The Royal Albert Hall (5,272-cap.) and Southbank Centre, along with organisations such as the English National Opera, Royal Shakespeare Company and National Theatre, were awarded a share of £165 million in low-interest repayable finance, with the Albert Hall receiving a total of £20.74 million from the Department of Digital, Culture, Media and Sport (DCMS) and Arts Council England (ACE).

Hall CEO Craig Hassall says the loan is a “lifeline” that will enable the Victorian arena “restore our minimum reserves and operating finances to a level comparable to before the pandemic struck”.

Elsewhere, a number of venues across the country are receiving grants from the £60m Capital Kickstart Fund. They include the Alexandra Palace, which has been awarded £2,967,600 to enable its 10,400-capacity Great Hall to “continue with a diverse programme of live, Covid-secure events this winter”, and new Manchester arts venue the Factory, which receives £21m towards its completion.

“As well as providing a multi-use space for diverse arts activity,” the Factory will be the permanent home for Manchester International Festival, “which attracts visitors to the city from across the country and creates opportunities for creative freelancers,” reads a statement from DCMS and UK culture minister Oliver Dowden CBE.

“The £1 billion invested so far through the Culture Recovery Fund has protected tens of thousands of jobs”

“Over the last nine months we’ve worked non-stop to make sure we can open the doors safely and keep the parkland well maintained to provide vital green space,” says Louise Stewart, CEO of Alexandra Park and Palace Charitable Trust. “There are many challenges ahead, but for now at least, thanks to this funding, we have some time and resource to deliver our route to recovery.”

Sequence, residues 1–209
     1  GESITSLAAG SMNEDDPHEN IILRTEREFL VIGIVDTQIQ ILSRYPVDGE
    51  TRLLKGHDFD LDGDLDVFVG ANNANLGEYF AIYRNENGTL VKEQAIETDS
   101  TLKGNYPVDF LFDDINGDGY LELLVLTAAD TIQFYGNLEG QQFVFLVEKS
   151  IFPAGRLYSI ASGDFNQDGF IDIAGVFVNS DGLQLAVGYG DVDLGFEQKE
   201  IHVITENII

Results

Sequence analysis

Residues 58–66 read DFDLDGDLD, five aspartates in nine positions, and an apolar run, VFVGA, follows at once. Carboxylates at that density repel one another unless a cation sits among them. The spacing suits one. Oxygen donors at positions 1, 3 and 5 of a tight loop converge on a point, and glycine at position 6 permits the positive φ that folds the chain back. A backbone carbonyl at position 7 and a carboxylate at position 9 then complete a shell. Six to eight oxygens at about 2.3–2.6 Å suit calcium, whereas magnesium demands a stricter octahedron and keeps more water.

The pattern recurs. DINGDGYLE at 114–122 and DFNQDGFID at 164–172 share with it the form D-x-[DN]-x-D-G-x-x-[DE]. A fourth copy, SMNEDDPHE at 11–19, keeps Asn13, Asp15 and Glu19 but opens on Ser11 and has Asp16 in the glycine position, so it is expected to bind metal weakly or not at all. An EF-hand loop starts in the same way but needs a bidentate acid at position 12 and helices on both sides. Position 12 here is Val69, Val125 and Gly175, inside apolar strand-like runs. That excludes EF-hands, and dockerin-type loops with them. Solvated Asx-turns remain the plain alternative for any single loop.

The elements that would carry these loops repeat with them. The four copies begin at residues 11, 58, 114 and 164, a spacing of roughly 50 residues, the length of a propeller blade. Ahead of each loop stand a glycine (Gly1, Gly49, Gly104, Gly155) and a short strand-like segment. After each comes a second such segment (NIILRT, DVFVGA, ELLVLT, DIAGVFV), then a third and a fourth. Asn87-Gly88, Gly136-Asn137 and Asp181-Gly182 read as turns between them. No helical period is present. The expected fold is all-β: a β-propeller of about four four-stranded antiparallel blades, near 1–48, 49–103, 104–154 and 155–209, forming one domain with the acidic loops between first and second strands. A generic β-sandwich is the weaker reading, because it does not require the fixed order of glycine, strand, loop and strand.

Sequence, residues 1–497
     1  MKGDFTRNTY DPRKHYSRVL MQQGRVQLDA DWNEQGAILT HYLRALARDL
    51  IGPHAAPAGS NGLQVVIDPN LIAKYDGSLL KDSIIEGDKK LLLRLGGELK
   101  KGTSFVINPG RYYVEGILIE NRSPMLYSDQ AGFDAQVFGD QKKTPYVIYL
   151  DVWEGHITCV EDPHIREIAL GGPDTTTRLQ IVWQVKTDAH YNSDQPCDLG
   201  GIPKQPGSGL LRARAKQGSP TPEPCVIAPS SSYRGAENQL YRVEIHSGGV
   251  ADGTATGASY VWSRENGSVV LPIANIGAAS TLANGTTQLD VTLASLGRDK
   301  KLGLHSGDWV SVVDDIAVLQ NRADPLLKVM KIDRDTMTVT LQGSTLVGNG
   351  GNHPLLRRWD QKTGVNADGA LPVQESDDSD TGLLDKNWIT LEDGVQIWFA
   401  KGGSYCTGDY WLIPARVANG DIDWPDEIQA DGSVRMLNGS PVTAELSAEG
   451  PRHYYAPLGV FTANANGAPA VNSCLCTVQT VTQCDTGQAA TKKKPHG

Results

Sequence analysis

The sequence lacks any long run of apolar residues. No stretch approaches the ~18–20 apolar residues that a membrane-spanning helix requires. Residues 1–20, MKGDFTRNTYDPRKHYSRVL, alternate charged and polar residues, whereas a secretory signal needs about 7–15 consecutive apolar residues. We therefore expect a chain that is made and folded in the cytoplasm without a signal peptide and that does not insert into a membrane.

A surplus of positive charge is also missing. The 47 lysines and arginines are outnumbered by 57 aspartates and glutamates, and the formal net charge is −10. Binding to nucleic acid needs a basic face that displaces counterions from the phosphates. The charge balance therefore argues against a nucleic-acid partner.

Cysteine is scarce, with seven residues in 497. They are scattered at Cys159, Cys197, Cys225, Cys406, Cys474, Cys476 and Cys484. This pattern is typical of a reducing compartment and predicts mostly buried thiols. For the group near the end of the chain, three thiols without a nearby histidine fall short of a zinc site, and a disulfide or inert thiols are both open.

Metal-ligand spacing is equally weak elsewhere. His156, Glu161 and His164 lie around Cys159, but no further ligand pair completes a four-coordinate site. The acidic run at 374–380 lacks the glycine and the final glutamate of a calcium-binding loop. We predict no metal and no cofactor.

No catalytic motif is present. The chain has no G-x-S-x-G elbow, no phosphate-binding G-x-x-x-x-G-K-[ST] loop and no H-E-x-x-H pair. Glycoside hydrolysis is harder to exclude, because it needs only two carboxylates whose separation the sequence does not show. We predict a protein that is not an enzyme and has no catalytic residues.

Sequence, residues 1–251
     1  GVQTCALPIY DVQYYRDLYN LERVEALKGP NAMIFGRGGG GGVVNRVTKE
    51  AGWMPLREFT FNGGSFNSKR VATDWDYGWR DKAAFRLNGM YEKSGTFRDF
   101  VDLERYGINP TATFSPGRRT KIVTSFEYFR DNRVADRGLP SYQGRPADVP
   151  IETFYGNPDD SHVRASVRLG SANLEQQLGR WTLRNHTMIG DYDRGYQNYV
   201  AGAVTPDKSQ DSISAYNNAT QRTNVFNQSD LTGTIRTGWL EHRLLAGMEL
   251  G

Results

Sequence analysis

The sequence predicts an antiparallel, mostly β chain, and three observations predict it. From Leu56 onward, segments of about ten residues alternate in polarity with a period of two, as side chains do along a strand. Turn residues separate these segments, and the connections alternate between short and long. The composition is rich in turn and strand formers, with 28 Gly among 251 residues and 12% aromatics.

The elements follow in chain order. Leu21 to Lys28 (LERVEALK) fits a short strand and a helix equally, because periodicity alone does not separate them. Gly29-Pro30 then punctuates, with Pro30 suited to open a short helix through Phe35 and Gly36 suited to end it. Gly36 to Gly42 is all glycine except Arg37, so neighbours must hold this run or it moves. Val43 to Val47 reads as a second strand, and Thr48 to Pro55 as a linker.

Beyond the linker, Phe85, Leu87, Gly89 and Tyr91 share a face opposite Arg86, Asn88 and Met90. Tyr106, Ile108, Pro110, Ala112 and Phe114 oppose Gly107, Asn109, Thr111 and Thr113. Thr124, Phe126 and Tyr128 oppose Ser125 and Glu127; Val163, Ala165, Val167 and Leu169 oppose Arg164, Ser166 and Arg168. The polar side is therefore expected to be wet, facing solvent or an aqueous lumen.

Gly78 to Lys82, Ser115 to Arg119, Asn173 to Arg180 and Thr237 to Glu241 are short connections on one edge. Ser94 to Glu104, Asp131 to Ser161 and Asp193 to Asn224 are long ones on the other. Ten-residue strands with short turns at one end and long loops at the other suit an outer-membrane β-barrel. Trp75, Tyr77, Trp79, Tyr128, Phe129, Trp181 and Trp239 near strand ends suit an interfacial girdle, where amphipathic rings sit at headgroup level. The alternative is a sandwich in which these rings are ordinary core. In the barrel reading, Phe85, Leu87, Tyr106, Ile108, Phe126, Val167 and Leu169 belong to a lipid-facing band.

The latest grants and loans come as the government makes plans to allocate the final £400 million of the £1.57 billion CRF. Further details of the final round, comprising £300m in grants and £100m loans to help companies “transition back to usual operating mode from April 2021”, will be announced shortly.

According to Dowden, some funding was held back in previous rounds (to enable authorities to assess the “changing public health picture”), and will also be made available to organisations at “imminent risk of collapse before the end of this financial year” in April.

“This government promised it would be here for culture, and today’s announcement is proof we’ve kept our word,” says the culture secretary. “The £1 billion invested so far through the Culture Recovery Fund has protected tens of thousands of jobs at cultural organisations across the UK, with more support still to come through a second round of applications.

“Today we’re extending a huge helping hand to the crown jewels of UK culture, so that they can continue to inspire future generations all around the world.”

More information about the CRF is available from the Gov.UK website.


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UK Culture Recovery Fund details revealed